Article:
yahoo fantasy basketball tips

Yahoo Fantasy Basketball Tips, Guide & Strategies for the 2015-16 Fantasy NBA Season (Part 2)

We had already given you a comprehensive list of fantasy NBA tips in our Yahoo Fantasy Basketball strategy guide for the upcoming 2015-16 season. Just as a reminder, this is not an actual basketball mobile game like MyNBA2K16, but rather an app that allows you to run a fantasy NBA league, or manage your team while on the go. It’s available for Android and iOS devices, so regardless whether you own an iPhone/iPad or an Android handset or tablet, you can view your players’ stats (based on actual NBA game results), add or drop players, message other general managers, or talk smack to them to add spice to your matchup.

So without further ado, here are five more Yahoo Fantasy Basketball tips and tricks that can help you in building the perfect fantasy NBA team, and possibly beating out your friends or other players from around the world in your chosen league. Take note that these tips are based on the assumption that you’re playing in a league with 12 to 16 teams, with 12 to 14 players per team.

1. Be On The Lookout For Sleepers

This is where research comes into play; not only should you check Basketball-Reference.com, Yahoo Sports, or other resources for players’ 2014-15 stats (including their per-36 minutes numbers to simulate full game performance if starting), but also fantasy basketball resources for a list of sleepers, or potential breakout players. Usually, these would be promising youngsters who may get more minutes due to a veteran leaving or being injured for a while, or possibly because their veteran competition isn’t that strong. Conversely, sleepers can also be guys traded to another team and likely to get lots more playing time in their new team, again due to injuries or a lack of competition at their position.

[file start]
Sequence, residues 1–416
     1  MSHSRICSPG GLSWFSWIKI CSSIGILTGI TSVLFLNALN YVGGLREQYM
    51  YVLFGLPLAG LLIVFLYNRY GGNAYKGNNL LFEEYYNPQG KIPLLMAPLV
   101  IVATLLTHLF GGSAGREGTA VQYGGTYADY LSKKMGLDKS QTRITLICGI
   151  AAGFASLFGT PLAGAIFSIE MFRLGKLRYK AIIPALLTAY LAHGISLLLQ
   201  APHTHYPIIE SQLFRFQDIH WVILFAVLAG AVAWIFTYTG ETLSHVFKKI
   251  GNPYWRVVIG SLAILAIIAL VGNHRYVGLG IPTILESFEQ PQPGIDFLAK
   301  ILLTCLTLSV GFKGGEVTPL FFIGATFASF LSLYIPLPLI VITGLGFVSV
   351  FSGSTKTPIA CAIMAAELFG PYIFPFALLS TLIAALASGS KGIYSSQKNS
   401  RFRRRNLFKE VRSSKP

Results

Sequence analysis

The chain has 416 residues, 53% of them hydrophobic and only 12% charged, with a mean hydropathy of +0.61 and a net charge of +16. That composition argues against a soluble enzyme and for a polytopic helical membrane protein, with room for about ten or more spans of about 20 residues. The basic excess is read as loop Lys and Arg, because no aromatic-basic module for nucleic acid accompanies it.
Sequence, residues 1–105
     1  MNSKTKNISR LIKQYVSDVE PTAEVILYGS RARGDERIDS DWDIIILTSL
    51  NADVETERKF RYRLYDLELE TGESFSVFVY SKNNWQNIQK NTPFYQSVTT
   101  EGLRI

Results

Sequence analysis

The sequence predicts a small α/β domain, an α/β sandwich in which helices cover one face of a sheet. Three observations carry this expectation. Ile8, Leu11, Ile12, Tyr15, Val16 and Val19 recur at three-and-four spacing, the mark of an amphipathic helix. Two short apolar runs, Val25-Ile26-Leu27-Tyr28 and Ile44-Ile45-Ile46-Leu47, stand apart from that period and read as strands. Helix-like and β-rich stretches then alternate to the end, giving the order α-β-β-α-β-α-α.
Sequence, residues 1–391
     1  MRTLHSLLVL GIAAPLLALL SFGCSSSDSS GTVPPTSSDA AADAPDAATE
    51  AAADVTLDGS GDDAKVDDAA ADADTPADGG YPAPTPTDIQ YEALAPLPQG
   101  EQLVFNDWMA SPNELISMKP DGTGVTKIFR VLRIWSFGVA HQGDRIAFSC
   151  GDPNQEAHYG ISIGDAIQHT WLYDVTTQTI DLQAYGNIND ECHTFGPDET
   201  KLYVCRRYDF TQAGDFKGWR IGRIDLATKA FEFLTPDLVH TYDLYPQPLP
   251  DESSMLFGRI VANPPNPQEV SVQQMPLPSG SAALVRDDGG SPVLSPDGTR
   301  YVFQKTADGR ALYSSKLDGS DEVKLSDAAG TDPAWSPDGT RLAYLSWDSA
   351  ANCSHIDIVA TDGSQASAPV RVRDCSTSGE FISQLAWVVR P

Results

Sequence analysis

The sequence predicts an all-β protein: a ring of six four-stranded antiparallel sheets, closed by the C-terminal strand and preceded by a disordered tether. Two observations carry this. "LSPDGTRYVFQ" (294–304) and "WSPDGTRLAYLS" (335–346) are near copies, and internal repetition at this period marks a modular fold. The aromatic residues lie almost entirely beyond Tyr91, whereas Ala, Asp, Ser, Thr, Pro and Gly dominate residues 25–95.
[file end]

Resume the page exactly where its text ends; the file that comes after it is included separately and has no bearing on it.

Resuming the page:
Last year, centers Rudy Gobert (Utah) and Hassan Whiteside (Miami) were among the big breakout stars, and they’re now ranked highly on Yahoo’s pre-draft rankings. This year, you might want to give Jusuf Nurkic (Denver) a look – he doesn’t have much competition at center, and he had some nice per-36 numbers last season. And with Detroit’s Brandon Jennings still on the injured list and possibly very rusty and gimpy upon his return, maybe it’s time to give Reggie Jackson a shot if you’re looking for a guard? Based on his play upon joining the Pistons midway through 2014-15, he’s good enough to hold down the starting PG spot all season long.

2. Lay Off The Rookies Till The Later Rounds Of The Draft

It may be tempting to go for potential blue-chip rookies like Minnesota’s Karl-Anthony Towns, the Lakers’ D’Angelo Russell, or Philly’s Jahlil Okafor. Remember, though, that these are kids playing their first season in the NBA, and they shouldn’t be expected to put up superstar numbers right off the bat. Further, there’s a chance you may be dealing with the next Anthony Davis…or the next Anthony Bennett. It’s hard to tell with rookies.